LONDON (THE PAVLOVIC TODAY)— The United Kingdom has secured an agreement to join the Comprehensive and Progressive Agreement for Trans-Pacific Partnership (CPTPP), a trade pact consisting of 11 Asian and Pacific nations, including Australia and Japan. The pact aims to make it easier and cheaper for member nations to trade and invest with each other, with the participating countries accounting for one in every eight of the world’s income.
However, the UK’s financial gains from joining may be minor, as it already has free trade deals with most of the member nations. The government estimates that the CPTPP could add just 0.08% of the country’s GDP over a decade, equivalent to an extra 8 pence for every £100 earned. The UK had to navigate issues to join, such as granting access to foreign beef and dairy farmers in UK markets and removing tariffs on Malaysian palm oil, which has been blamed for deforestation.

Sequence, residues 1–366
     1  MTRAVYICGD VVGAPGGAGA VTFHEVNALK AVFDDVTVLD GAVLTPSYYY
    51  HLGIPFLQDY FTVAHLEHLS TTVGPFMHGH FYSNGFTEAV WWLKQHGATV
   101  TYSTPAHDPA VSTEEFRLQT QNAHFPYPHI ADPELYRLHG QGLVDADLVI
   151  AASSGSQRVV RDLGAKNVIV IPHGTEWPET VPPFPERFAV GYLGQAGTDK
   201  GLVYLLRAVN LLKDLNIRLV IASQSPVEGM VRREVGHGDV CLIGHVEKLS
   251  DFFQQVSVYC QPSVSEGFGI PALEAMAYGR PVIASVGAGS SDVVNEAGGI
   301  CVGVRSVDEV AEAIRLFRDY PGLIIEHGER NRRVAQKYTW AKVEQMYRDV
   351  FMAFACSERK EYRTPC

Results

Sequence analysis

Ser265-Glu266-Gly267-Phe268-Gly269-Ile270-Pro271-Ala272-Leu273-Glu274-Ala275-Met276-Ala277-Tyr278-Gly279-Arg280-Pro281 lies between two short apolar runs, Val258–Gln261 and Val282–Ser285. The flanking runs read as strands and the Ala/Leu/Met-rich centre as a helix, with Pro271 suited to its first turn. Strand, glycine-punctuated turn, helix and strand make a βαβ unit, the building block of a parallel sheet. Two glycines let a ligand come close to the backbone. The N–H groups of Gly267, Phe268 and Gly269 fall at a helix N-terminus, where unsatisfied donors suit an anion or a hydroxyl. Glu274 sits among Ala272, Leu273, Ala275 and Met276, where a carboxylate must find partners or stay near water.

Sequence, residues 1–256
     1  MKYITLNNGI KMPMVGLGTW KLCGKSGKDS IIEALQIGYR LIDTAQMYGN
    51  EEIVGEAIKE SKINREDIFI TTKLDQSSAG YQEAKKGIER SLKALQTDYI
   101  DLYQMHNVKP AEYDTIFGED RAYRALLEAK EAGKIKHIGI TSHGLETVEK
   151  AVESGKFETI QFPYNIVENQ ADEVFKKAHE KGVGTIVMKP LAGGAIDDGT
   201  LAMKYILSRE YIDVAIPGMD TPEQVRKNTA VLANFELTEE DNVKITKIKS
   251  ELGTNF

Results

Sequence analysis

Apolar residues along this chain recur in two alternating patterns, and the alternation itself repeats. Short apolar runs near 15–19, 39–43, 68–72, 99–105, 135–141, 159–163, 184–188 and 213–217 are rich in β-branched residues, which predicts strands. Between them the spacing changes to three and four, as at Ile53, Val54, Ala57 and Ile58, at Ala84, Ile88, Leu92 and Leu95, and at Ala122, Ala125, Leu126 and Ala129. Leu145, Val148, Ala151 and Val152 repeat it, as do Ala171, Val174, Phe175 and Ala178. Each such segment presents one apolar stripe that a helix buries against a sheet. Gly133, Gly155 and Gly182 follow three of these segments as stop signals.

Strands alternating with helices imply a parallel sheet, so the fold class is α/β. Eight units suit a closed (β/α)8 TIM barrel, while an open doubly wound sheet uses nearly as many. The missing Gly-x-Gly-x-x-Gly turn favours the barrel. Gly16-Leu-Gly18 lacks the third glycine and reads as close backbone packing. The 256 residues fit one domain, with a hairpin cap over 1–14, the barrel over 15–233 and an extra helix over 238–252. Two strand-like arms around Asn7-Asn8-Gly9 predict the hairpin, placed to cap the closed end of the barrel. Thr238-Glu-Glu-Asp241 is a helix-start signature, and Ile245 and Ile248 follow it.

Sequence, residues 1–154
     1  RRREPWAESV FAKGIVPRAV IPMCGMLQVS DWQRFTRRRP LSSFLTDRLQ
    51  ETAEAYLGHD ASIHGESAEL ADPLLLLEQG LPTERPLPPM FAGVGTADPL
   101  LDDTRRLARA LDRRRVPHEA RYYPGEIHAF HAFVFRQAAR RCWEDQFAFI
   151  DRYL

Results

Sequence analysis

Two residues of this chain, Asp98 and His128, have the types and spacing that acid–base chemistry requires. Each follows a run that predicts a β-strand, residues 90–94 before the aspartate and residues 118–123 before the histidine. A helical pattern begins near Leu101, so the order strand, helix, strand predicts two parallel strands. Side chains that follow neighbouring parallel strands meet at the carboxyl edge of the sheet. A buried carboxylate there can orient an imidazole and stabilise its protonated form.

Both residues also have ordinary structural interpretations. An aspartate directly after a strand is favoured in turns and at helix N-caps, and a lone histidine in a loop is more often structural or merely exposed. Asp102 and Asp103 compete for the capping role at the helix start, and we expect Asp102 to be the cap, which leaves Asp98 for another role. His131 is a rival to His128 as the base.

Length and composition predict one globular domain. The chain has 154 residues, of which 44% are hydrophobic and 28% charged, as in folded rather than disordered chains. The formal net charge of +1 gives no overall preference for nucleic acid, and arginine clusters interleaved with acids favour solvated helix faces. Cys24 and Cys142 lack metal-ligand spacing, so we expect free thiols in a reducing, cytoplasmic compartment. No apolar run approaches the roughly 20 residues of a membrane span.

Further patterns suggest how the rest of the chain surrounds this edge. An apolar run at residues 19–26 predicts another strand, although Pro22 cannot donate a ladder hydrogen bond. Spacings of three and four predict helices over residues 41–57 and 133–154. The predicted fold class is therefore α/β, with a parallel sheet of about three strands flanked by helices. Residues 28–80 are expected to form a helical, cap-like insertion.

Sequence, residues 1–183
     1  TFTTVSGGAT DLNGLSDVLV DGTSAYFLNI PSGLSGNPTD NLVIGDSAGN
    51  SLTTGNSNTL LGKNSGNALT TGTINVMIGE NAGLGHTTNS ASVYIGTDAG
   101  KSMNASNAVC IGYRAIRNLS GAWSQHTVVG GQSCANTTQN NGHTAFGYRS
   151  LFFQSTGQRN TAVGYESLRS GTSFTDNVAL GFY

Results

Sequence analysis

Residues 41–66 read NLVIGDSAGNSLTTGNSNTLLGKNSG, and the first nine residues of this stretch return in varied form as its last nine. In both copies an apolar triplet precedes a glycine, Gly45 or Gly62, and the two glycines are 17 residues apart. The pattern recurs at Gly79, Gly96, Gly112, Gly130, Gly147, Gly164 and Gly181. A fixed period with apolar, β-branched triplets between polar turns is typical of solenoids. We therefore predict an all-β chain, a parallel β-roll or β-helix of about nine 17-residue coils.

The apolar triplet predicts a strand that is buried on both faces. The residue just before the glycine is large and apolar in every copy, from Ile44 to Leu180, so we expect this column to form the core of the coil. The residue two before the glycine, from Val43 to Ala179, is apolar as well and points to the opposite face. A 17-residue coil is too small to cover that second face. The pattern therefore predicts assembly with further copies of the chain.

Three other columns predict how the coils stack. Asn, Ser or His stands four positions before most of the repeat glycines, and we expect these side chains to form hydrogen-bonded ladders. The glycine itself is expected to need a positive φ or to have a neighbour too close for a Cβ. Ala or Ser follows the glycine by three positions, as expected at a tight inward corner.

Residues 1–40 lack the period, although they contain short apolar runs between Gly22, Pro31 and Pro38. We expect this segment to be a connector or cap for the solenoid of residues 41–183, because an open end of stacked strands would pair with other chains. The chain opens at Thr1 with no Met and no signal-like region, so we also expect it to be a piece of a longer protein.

The deal’s fine print will be closely scrutinized, and hopes for America, the UK’s biggest trading partner, to join the pact have been dashed. Despite the limited financial gains, business groups are broadly supportive of the move, as it could lead to closer ties with some of the fastest-growing nations. The significance of joining the CPTPP for post-Brexit Britain lies more in its strategic value, tilting towards the East rather than Europe. However, the CPTPP is not a get-rich-quick scheme, but rather a potential opportunity for the UK to expand its trade and investment reach.